Women with degrees are now SIX times more likely to have a first child before they get married than they were 25 years ago, study finds
- Johns Hopkins University expert Andrew Cherlin studied US demographic data
- He found that the number of births before marriage is generally on the rise
- Almost a quarter of uni-educated women now first give birth out of marriage
- The changes are likely driven in part by rising acceptance of single parenthood
University-educated women are now six times more likely to have their first child before getting married than they were a quarter of a century ago, a study has found.
Sociologist Andrew Cherlin of the Johns Hopkins University in Baltimore studied data collected from three long-running demographic surveys undertaken in the US.
He found, today, 24.5 per cent of women with university degrees give birth before they get married — if they do at all — compared to 4 per cent back in 1996.
However, of those mothers, more than half were cohabiting at the time of the birth.
According to Professor Cherlin, the changes are likely driven in part by shifts in how society perceives both single parenthood and cohabitation.
University-educated women are now six times more likely to have their first child before getting married than they were a quarter of a century ago, a study has found (stock image)
‘I project that among college-educated women currently in their thirties who will ever have a first child, 18 per cent to 27 per cent will be unmarried at the time of the birth,’ said Professor Cherlin.
‘The place of marriage in the sequence of life events for emerging adulthood may be shifting among college graduates,’ he added.
In his study, the sociologist analysed demographic data from three major surveys — the National Longitudinal Study of Adolescent to Adult Health, the National Longitudinal Survey of Youth and the National Survey of Family Growth.
His analysis indicated that the proportion of first births occurring outside of marriage is on the increase across all educational levels — with the greatest shift occurring among women who have college degrees.
Looking at women who had neither a high school degree nor a general equivalency diploma (GED), Professor Cherlin found that the overwhelming majority (86.5 and 76 per cent, respectively) were unmarried at the time of their first birth.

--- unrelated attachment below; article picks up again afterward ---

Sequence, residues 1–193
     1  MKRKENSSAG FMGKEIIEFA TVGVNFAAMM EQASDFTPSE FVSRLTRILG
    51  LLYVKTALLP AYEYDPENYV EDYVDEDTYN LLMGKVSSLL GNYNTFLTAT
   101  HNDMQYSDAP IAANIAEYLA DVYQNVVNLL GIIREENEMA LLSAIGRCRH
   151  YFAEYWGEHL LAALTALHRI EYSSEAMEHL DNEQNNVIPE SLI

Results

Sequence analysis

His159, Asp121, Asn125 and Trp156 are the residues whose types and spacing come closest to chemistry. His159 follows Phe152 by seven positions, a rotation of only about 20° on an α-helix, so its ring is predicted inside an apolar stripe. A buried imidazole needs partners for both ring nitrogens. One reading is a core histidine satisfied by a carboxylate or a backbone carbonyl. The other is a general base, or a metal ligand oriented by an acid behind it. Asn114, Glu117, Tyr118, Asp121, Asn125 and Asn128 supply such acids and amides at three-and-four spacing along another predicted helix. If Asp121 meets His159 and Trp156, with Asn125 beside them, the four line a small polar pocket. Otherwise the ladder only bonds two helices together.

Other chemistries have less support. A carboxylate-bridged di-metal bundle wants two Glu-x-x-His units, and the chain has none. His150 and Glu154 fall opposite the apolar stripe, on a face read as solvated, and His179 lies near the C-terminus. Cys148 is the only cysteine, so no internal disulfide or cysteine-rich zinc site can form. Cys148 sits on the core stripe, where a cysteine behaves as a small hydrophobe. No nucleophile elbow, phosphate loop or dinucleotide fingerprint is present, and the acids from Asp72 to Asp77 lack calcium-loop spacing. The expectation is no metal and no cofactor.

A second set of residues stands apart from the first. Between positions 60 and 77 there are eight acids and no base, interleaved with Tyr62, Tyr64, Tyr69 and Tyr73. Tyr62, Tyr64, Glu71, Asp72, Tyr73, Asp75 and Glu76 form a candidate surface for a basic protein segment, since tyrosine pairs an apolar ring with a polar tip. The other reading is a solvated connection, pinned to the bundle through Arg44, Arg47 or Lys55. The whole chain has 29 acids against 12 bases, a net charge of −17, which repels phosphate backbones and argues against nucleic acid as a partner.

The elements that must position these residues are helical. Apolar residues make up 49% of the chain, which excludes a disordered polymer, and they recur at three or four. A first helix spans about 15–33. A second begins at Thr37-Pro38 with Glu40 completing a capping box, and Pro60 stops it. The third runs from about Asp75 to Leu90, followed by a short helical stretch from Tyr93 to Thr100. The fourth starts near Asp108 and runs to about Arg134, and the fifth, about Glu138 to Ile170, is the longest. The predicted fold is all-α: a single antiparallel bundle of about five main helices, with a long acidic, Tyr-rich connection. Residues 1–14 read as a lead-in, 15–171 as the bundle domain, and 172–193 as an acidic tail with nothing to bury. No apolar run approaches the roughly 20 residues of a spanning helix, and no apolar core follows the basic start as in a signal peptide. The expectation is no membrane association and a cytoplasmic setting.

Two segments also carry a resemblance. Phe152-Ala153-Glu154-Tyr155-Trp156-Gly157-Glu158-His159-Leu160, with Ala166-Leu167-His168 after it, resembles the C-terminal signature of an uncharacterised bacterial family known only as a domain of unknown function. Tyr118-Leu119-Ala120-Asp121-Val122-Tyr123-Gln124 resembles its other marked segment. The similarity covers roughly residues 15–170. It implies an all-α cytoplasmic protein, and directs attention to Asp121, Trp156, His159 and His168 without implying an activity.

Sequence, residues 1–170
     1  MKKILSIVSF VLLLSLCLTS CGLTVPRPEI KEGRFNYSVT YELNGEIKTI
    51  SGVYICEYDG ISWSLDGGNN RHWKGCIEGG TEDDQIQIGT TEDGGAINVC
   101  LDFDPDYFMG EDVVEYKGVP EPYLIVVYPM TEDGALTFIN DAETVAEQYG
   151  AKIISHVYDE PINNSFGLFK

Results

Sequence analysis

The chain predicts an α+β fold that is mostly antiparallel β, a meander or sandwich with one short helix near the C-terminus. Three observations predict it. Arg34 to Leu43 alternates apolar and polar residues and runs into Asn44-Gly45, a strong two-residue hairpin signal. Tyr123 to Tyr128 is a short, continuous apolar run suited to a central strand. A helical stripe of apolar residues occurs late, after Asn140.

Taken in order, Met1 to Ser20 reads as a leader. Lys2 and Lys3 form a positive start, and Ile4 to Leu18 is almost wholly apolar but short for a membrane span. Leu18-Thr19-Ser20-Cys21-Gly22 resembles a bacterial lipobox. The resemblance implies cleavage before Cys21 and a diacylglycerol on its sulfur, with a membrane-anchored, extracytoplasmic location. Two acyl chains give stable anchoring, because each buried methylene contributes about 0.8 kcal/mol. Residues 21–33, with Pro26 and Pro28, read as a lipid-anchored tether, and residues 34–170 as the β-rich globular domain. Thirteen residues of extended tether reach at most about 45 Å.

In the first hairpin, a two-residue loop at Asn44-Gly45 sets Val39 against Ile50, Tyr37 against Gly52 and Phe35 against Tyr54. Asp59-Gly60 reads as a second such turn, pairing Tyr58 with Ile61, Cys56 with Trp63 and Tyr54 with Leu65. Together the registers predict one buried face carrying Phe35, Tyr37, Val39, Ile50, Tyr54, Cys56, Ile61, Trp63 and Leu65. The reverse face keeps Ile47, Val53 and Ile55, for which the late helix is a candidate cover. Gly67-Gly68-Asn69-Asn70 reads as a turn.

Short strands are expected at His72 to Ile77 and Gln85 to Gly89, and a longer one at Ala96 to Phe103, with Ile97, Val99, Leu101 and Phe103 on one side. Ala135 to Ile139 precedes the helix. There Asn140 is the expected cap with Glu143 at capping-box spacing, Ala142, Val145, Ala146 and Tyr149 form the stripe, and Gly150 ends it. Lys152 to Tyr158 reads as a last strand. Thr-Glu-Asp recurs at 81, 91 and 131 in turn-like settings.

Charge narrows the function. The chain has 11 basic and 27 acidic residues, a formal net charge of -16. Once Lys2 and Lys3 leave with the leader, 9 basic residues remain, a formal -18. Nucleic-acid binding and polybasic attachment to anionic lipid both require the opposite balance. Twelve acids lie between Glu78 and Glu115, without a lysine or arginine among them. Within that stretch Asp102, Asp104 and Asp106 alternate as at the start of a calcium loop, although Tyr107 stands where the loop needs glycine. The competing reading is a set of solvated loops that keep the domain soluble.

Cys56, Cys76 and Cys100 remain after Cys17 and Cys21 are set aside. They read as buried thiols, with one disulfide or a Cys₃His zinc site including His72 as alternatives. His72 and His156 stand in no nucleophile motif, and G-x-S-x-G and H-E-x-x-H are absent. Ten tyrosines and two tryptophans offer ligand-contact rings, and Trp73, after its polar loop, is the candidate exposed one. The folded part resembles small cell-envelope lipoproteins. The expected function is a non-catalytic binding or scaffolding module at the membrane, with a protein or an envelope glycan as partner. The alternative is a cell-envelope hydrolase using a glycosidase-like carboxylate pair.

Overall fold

Women with a high school degree, meanwhile, were 61.8 per cent likely to have their first child prior to getting married — while the odds were 50–50 for women who had received an associate of arts degree.
‘For a growing number of college-educated young adults in the US, their family life courses will eventually result in marriage,’ said Professor Cherlin.
‘But, for increasing numbers, marriage would follow a first birth rather than precede it. This suggests a potential change in the role of marriage among college-educated emerging adults — although not necessarily a decline.’
The sociologist also found that of all women in their thirties who had their first child outside of marriage, those with university degrees were the most likely to be married at the time of their second birth.
Meanwhile, women with degrees are more likely to have the same partner for both of their children.
Professor Cherlin’s analysis indicated that the proportion of first births occurring outside of marriage is on the increase across all educational levels — with the greatest shift occurring among women who have college degrees, as pictured
According to Professor Cherlin, there a number of potential drivers behind these shifts — including the growing acceptance of both single parenthood and the prospect of unmarried couples living together.
Another reason may be that money issues — including college debt and the lower economic returns of a college degree — may be discouraging young adults from getting married as early as they used to.
‘Young adults may postpone or forgo marriage until and unless they have attained certain economic markers such as home ownership or an income comparable to the married couples around them,’ Professor Cherlin said.
He added that studies of women who have not been educated to a degree level have shown that when actual or perceived support for marriage declines, many women chose to postpone marriage but still have a child.
This same dynamic, he explained, could now be emerging among women who have been through tertiary education.
The full findings of the study were published in the journal Proceedings of the National Academy of Science.